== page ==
Results of one-dimensional thermal and kinetic modeling are shown in Figure 4. As for the trench side of the forearc region, modeling results clearly indicate that subsurface temperatures determined for the present thickness of the analyzed rock units did not match those of the measured maturation levels. An eroded younger unit overlying the existing strata is, then, necessary to fit the calculated and observed maturation levels. First, we assumed that the Maastrichtian Hakobuchi Formation, the stratigraphic age of which is based on the unit distributed to the south of the study area (Sakai and Kanie 1986), was deposited on the studied section because it was the uppermost member of the Yezo forearc basin described by Ando (2003). The Hakobuchi Formation shows upward-coarsening facies successions formed by progradation of the inner shelf to delta plain systems (Ando 2003), and these were categorized to be outer to inner shelf, shoreface, subordinate estuary, incised valley, river-channel, back-marsh, and floodplain after Takashima et al. (2004). Next, the forearc basin was probably uplifted in the early Paleocene as a result of voluminous accretion beneath the subduction zone (e.g., Ueda et al. 2000). Burial history of the Hakobuchi Formation (Figure 4a) optimized on the basis of maturation profiles of Ro and T max (Figure 4b) within the upper part of the Yezo Group indicates an extremely high sedimentation rate (1.57 m/1,000 years), which seems to be unrealistic considering the abovementioned sedimentary facies. Therefore, we introduced a missing Paleogene-to-Neogene unit as presented in Figure 4c. This model includes moderate burial/erosion around the end of the Cretaceous, which was practically ineffective at matching the observed maturity and subsequent long-standing subsidence. As the exhumation process was not obvious, the hypothetical strata is assumed to have been removed at a constant rate since the collision and contraction scheme emerged around central Hokkaido at around 15 Ma (Miyasaka et al. 1986). Optimization of the maturation trend (Figure 4d) required an enormous amount of sediment (thickness is ca. 3,300 m) accumulation around the Urakawa area during the Paleogene and early Neogene. This result is quite similar to previous modeling in an adjacent area (Tamaki et al. 2009).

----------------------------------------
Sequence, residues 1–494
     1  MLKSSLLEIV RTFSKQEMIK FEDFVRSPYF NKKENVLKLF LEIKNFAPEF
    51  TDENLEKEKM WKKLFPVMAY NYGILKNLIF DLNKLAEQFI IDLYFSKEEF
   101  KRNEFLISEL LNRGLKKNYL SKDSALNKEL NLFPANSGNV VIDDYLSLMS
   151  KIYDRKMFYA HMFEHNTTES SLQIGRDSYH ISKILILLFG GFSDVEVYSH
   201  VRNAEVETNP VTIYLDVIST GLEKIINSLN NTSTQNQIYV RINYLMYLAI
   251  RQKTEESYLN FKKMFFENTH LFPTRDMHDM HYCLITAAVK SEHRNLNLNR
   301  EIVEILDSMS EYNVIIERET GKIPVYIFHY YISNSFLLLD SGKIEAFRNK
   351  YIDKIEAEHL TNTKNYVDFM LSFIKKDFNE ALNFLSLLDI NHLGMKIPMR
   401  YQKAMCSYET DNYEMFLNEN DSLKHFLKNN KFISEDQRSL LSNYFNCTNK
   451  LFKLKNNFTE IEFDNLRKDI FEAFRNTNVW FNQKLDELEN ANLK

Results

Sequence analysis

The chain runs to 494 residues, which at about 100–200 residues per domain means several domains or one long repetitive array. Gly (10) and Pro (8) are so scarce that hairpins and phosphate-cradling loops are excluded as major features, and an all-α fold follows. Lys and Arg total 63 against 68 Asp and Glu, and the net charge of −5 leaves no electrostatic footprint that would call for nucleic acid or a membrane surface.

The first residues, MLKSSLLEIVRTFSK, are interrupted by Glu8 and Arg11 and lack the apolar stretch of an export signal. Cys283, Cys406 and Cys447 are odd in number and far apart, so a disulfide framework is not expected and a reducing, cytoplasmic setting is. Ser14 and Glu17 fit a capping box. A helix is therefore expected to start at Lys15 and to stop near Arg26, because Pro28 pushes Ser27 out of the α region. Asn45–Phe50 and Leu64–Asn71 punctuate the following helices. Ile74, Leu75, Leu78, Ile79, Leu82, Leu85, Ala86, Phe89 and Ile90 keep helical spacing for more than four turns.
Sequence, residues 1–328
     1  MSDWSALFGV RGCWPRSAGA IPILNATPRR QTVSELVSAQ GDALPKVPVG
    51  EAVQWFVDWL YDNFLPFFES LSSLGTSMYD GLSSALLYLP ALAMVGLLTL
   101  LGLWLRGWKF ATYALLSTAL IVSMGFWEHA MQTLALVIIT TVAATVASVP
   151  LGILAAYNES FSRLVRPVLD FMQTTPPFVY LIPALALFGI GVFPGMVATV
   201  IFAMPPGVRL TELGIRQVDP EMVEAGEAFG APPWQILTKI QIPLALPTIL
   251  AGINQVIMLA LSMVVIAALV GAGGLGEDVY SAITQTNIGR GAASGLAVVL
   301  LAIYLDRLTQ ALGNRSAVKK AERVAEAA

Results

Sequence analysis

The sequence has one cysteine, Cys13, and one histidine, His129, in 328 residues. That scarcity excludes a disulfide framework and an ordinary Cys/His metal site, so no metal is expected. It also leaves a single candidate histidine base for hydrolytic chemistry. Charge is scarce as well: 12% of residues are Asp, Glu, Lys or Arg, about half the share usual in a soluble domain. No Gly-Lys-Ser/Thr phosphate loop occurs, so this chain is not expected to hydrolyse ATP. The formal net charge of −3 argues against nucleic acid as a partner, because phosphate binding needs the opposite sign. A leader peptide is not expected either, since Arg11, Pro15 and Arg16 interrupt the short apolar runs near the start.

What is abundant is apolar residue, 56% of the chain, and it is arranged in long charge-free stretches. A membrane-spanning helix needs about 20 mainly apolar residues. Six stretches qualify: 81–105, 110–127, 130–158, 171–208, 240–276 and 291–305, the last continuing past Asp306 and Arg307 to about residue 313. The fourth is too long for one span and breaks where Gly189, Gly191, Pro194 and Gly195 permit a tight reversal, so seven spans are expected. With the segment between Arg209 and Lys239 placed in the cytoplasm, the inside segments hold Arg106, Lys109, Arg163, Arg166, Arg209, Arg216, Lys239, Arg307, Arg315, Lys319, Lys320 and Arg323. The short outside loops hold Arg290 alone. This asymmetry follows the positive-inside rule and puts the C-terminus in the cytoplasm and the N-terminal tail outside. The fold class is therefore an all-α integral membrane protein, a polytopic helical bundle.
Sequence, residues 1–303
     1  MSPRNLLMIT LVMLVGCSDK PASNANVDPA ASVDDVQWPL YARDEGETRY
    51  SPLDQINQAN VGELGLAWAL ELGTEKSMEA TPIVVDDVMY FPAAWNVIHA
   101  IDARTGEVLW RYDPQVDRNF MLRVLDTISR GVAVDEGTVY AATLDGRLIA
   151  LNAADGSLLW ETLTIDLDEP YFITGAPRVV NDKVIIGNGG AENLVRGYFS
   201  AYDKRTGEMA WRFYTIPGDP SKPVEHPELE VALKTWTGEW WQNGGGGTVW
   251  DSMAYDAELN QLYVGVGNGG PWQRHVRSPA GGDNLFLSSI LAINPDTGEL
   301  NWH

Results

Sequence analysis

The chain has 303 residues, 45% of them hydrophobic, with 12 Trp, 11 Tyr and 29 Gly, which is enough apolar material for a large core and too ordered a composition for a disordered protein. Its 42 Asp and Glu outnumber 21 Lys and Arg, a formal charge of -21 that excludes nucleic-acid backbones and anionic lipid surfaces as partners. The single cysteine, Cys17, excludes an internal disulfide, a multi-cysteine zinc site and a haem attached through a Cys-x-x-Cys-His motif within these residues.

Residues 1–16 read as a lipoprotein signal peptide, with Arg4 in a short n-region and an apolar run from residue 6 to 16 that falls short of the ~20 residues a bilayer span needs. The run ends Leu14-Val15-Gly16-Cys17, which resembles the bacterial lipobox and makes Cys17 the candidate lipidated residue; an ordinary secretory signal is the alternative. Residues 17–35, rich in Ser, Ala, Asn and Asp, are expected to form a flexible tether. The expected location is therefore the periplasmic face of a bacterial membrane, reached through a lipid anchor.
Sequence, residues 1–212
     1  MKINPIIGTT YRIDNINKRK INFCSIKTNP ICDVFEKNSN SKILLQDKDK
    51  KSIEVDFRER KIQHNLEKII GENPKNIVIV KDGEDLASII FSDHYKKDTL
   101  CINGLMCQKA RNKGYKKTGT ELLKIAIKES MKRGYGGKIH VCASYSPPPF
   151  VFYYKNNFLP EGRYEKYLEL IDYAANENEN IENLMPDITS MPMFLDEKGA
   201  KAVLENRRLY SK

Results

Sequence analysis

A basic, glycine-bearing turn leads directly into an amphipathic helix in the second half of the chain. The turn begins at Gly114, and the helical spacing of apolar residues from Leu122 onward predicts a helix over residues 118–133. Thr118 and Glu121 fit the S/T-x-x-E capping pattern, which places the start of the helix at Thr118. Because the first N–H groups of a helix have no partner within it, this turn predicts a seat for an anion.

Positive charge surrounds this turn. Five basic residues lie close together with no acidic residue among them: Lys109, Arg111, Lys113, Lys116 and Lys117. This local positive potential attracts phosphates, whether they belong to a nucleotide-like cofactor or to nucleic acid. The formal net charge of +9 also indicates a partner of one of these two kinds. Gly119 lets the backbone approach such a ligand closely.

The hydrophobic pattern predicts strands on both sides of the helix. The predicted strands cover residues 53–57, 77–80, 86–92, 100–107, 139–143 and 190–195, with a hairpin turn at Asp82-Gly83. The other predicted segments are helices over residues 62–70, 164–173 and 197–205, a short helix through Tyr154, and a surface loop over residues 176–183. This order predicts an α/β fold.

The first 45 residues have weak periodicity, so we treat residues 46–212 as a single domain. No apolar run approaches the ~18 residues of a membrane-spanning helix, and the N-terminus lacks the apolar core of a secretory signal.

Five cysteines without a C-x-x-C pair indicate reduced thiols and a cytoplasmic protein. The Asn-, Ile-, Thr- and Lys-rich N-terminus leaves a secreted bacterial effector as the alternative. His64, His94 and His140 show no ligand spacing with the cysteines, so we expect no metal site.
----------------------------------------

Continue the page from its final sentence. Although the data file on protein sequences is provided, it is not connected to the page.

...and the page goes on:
Figure 4

Results of one-dimensional thermal and kinetic modeling. Models for the trench side (a, b, c, d) and continental side (e, f, g, h) of the paleo-forearc region in Hokkaido. (a) Burial history assuming drastic burial (deposition of the Hakobuchi Formation) and exhumation (development of the Horobetsugawa Complex) around the end of Cretaceous and early Paleocene, respectively (Model 1). (b) Measured (dots) and calculated (lines) maturation trends optimized for Model 1. (c) Burial history assuming Paleogene persistent subsidence and Neogene exhumation (Model 2). (d) Measured (dots) and calculated (lines) maturation trends optimized for Model 2. (e) Burial history for the Kitakawaguchi SK-1 borehole. (f) Measured (dots) and calculated (line) maturation trends optimized for the Kitakawaguchi SK-1. (g) Burial history for the MITI Rumoi borehole. (h) Measured (dots) and calculated (line) maturation trends optimized for the MITI Rumoi.

In sharp contrast, the one-dimensional modeling for the continental side of the forearc region (Figure 4e,f,g,h) suggests that basin subsidence had been stagnant throughout the late Paleogene, whereas the Neogene period was characterized by drastic subsidence at around 15 Ma. This result is concordant with seismic interpretation data of the Japan Sea side of northern Hokkaido (Itoh et al. 2009), which showed an episode of regional subsidence and change in the basin configuration related to Miocene back-arc spreading. Therefore, our geochemical approach has confirmed the presence of a tectonic episode of extensive longitudinal basin formation during the Paleogene.